Optional modules are subject to change each year and require a minimum number of participants to be offered (see the University’s position on curriculum development), but currently recommended modules include:
- Quantitative Research in Social Science: a user-friendly introduction to the fundamental concepts of quantitative analysis.
- Geographic Information Systems for Environmental Management: introduces students to the basic principles, including the use of Geographic Information Systems (GIS) and an introduction to the use of remotely sensed data for spatial analysis.
- Responsibility, Sustainability and Accountability in Organisations: an introduction and analysis of sustainability and corporate social responsibility, the meaning, tensions and conflicts that these concepts entail and the role that accountability can play in their achievement.
- Advanced Geographic Research Methods: allows students to specialise in a research area using a research method or technique that most interests them.
- Qualitative Methods in Social Research: offers both a theoretical and practical introduction to the collection, analysis and writing of qualitative social science research.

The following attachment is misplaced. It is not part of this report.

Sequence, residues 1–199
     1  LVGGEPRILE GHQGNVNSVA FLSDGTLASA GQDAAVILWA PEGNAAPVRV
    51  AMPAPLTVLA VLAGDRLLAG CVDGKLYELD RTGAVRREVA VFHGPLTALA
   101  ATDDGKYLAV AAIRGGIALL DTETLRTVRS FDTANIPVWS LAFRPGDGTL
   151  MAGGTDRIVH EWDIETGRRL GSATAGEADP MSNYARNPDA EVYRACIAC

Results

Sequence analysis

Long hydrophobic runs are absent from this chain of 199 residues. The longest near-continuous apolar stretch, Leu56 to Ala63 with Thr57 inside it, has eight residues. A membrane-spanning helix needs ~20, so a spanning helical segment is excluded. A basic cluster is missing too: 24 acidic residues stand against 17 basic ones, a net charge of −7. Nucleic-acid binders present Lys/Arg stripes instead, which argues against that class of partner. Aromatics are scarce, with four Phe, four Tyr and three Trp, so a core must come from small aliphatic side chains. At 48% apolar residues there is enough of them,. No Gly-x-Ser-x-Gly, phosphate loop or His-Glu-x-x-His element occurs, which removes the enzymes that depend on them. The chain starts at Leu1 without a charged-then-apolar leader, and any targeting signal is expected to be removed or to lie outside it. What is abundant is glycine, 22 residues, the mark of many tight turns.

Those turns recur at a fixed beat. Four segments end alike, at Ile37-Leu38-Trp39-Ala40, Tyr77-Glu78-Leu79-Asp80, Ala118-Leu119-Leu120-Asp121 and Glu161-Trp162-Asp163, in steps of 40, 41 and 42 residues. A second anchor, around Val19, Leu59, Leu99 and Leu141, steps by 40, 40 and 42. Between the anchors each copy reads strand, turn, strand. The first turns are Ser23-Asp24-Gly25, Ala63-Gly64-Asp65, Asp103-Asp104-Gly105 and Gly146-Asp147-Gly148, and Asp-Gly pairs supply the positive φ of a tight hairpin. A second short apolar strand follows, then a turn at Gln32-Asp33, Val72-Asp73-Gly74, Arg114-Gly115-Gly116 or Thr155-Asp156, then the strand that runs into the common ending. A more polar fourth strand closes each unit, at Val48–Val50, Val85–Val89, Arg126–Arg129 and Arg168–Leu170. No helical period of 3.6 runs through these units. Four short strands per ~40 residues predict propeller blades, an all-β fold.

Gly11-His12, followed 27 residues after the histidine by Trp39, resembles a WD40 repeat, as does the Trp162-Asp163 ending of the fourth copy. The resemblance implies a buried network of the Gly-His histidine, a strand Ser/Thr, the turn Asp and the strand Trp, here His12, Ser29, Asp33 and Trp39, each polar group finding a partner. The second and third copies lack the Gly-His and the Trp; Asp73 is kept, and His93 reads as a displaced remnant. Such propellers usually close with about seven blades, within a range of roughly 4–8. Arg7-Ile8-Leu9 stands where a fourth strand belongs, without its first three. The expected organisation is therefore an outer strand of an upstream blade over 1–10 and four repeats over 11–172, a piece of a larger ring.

- Philosophy and Methodology of the Social Sciences: introduces the basic theoretical approaches in the social sciences, encouraging you to make connections between the methodological and epistemological issues involved in conducting social scientific research.
The modules listed ran in the academic year 2016–2017 and are indicative of this course. There is no guarantee that these modules will run for 2017 entry. Take a look at the most up-to-date modules in the module catalogue .
The dissertation gives students the chance to fully engage with the area of sustainable development about which you are most passionate, by researching and writing a 12,000-word dissertation which is the culmination of your degree. Advised by a member of academic staff, you will work across the summer months on your individual dissertation.
If students choose not to complete the dissertation requirement for the MSc, there is an exit award available that allows suitably qualified candidates to receive a Postgraduate Diploma. By choosing an exit award, you will finish your degree at the end of the second semester of study and receive a PGDip instead of an MSc.